Subscribe / Unsubscribe Enewsletters | Login | Register

Pencil Banner

10 major Office 365 migration gotchas to avoid

J. Peter Bruzzese | Sept. 23, 2014
Migrating to Office 365 is becoming increasingly popular among businesses both large and small. The upside of moving from an on-premises environment to one hosted online by Microsoft offers compelling benefits. But switcher beware: Early Office 365 adopters have come back from their migration path battle-worn by a slew of unexpected perils they encountered along the way.

Office 365 gotcha No. 9: Assuming SharePoint Online is as robust as SharePoint Server

Given the robustness of Exchange Online compared with on-premises Exchange, you might be led to believe that SharePoint Online and Lync Online offer a feature set in line with their on-premises counterparts. In the main, you won't be disappointed by the differences. But don't assume you'll get everything when you make the switch. Take claims-based authentication, for example; if you rely on that feature with SharePoint Server, you'll find it isn't supported by any flavor of SharePoint Online. So be sure to note all the features you depend on, whether they are supported, and which plans support them.

I was personally surprised to see that email-enabled lists and libraries are not supported, but site mailboxes are supported. Remote BLOB storage is another feature that is not supported, though that makes sense, given the lack of local storage.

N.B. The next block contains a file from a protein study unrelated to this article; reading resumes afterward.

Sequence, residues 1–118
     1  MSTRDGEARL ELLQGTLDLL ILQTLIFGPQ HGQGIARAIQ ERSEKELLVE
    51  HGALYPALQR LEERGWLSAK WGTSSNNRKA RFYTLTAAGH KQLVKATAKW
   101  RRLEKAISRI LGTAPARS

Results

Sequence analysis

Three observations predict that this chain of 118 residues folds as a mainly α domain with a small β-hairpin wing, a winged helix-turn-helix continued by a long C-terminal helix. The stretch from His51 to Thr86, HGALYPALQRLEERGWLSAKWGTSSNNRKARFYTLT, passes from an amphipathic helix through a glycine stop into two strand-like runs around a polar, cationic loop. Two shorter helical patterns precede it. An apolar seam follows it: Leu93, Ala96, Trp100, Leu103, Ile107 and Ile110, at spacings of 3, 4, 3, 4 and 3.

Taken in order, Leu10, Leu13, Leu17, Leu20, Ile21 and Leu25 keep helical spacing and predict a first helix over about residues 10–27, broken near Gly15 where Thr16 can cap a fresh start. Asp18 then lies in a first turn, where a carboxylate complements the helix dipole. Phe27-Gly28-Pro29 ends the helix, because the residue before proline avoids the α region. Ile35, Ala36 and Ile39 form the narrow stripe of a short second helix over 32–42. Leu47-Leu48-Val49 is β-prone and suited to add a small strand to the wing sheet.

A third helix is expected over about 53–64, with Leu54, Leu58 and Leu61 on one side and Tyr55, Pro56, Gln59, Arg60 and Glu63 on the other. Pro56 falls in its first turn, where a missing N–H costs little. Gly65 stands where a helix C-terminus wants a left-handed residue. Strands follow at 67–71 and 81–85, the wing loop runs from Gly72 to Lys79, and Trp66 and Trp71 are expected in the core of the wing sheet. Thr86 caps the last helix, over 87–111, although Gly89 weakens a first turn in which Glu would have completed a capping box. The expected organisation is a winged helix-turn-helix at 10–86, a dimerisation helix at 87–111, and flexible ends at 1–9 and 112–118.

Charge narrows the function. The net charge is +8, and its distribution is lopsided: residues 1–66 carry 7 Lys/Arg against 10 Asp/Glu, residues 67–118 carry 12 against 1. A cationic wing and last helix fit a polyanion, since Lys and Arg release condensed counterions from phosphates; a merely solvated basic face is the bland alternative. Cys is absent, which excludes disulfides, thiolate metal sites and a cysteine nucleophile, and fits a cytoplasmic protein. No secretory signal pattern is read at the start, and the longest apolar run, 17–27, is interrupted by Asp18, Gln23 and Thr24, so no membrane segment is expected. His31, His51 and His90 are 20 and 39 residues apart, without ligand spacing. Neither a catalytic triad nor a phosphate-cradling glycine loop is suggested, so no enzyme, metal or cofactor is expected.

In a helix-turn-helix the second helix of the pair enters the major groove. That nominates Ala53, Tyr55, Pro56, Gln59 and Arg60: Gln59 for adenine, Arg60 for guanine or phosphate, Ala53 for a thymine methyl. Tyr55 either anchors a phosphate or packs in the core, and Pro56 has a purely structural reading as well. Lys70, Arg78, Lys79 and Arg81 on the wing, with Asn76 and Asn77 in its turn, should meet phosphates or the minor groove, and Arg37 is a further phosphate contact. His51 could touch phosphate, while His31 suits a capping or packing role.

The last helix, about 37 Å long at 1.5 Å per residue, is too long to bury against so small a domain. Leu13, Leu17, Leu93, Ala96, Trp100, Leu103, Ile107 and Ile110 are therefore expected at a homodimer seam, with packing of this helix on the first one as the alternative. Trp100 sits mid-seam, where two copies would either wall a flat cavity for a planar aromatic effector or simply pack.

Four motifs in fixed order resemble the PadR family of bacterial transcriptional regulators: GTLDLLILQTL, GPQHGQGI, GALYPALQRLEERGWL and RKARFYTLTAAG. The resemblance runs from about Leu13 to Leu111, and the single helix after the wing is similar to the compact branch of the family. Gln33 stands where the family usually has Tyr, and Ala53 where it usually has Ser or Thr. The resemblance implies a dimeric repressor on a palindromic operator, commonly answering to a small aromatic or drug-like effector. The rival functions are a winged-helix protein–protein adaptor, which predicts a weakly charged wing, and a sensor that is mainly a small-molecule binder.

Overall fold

Some features won't be missed, depending on your plan and needs. But if you work with SharePoint and have a good amount of data held within it, you might want to consider a third-party solution if you cannot migrate the data manually. Microsoft doesn't provide any kind of SharePoint migration tool, but does offer two manual SharePoint migration tips:

One way to manually move content to SharePoint Online is by connecting the SharePoint Library to SharePoint Workspace. You can then upload content to SharePoint Workspace and it will automatically synchronize these files to SharePoint Online. Another manual approach is to use the capability of SharePoint to upload multiple files. This will allow you to upload batches of files at once.

Office 365 gotcha No. 10: Thinking Lync Online means hassle-free full telephony

The complexity of on-premises Lync setup is daunting. For most admins, setting up Lync means going as far as getting it up and running to provide IM and presence information for your users. Those who switch to full telephony through Lync Server on-premise are very likely to have brought in consultants to help.

With Office 365, you might be tempted to think you get all the benefits of Lync without the on-premises setup hell. That's true, to a degree. Within your Lync network you'll have IM and presence, along with videoconferencing, Lync-to-Lync calls, and so on; however, Lync Online, by itself, does not offer true VoIP telephony. It can connect to an existing system (PBX/IP-PBX), but only using on-premises equipment; be sure to plan accordingly. Note: Microsoft is planning on allowing for PSTN connectivity according to its road map, but this is still not a replacement for your existing system or solution, simply a means of connecting your Lync account with a PSTN number.


Previous Page  1  2  3  4 

Sign up for CIO Asia eNewsletters.